The relationship between suicide rates and the holiday season is a complex and debated topic. Contrary to popular belief, there is no clear evidence that suicide rates universally increase during the holiday season. While some studies suggest a slight increase, others find no significant change or even a decrease. Several factors contribute to the complexity of this issue. Some people may experience increased stress and loneliness during the holidays due to various reasons, such as family conflicts, financial pressures, or feelings of isolation. On the other hand, the holidays can also be a time for social connections, support, and positive experiences, which may act as protective factors. So what is the truth about Holiday Suicide Rates?
It’s essential to approach this topic with sensitivity, as mental health is influenced by a multitude of factors, and suicide is a complex issue with no single cause. If you or someone you know is struggling with mental health issues or suicidal thoughts, it’s crucial to seek help from mental health professionals, friends, or family members.
Like we mentioned earlier there is no clear evidence that suicide rates increase during the holiday season. In fact, there is evidence that supports the exact opposite theory. Take a look at the graph below which shows the number of suicide deaths per month for the years 2018-2023.
As you can see the number of suicide deaths during the months of November and December actually goes down when compared to the preceding months. Even if there was an increase in suicides during these months it’s essential to note that the overall suicide rate is influenced by numerous complex factors, and attributing it solely to the holiday season oversimplifies the issue. Mental health is a year-round concern, and it’s crucial to approach suicide prevention with understanding, empathy, and support throughout the entire year.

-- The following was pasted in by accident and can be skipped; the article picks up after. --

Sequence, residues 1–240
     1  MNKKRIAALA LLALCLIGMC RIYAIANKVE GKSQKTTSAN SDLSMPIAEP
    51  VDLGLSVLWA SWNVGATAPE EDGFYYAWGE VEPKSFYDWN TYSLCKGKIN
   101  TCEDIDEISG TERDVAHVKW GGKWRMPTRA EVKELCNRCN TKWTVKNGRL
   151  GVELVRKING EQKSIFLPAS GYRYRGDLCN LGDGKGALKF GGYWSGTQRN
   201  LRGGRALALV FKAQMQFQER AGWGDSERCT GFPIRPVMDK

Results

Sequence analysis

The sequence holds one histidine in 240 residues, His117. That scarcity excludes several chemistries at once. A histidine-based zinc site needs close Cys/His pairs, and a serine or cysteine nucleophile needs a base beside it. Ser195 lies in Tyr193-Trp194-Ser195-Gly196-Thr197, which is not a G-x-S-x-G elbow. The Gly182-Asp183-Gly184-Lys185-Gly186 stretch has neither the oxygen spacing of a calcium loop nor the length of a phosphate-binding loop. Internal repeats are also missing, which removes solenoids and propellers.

Like many things in life we can blame the media. A recent article published by Annenberg Public Policy Center covers the role media plays in perpetuating this myth. According to this article, 60% of news stories during the 2022-2023 Holiday season correctly debunked this myth while 40% still continued to incorrectly support it. Take a look at the graph below:
In addition to the media peddling this narrative, the holiday season can be a challenging time for individuals dealing with mental health issues, loneliness, or grief. This can lead to many people buying into the narrative. Another reason could be seasonal affective disorder (SAD), which is a type of depression related to changes in seasons. While seasonal affective disorder is very real we don’t see this being enough of a factor to increase suicide rates since they stay pretty consistent from June through September.
Believing the myth that suicide rates increase during the holiday season can have several negative effects, both at an individual and societal level. Some of these effects include:
It’s about time we stop buying into this myth of suicide rates increasing during the Holiday season. The evidence shows us that the Holiday season actually has a lower suicide rate than other times of the year. Propagating this narrative is not only false but it can also have a negative impact. Don’t allow this myth to bring you down and ruin your Holiday season, instead embrace the joy of the Holidays and use as a way to have a positive impact on your mental health.
If you are going through a dark time try reaching out to a local mental health therapist, we’ve listed a few top rated therapists, broken down by state. Please call for availability.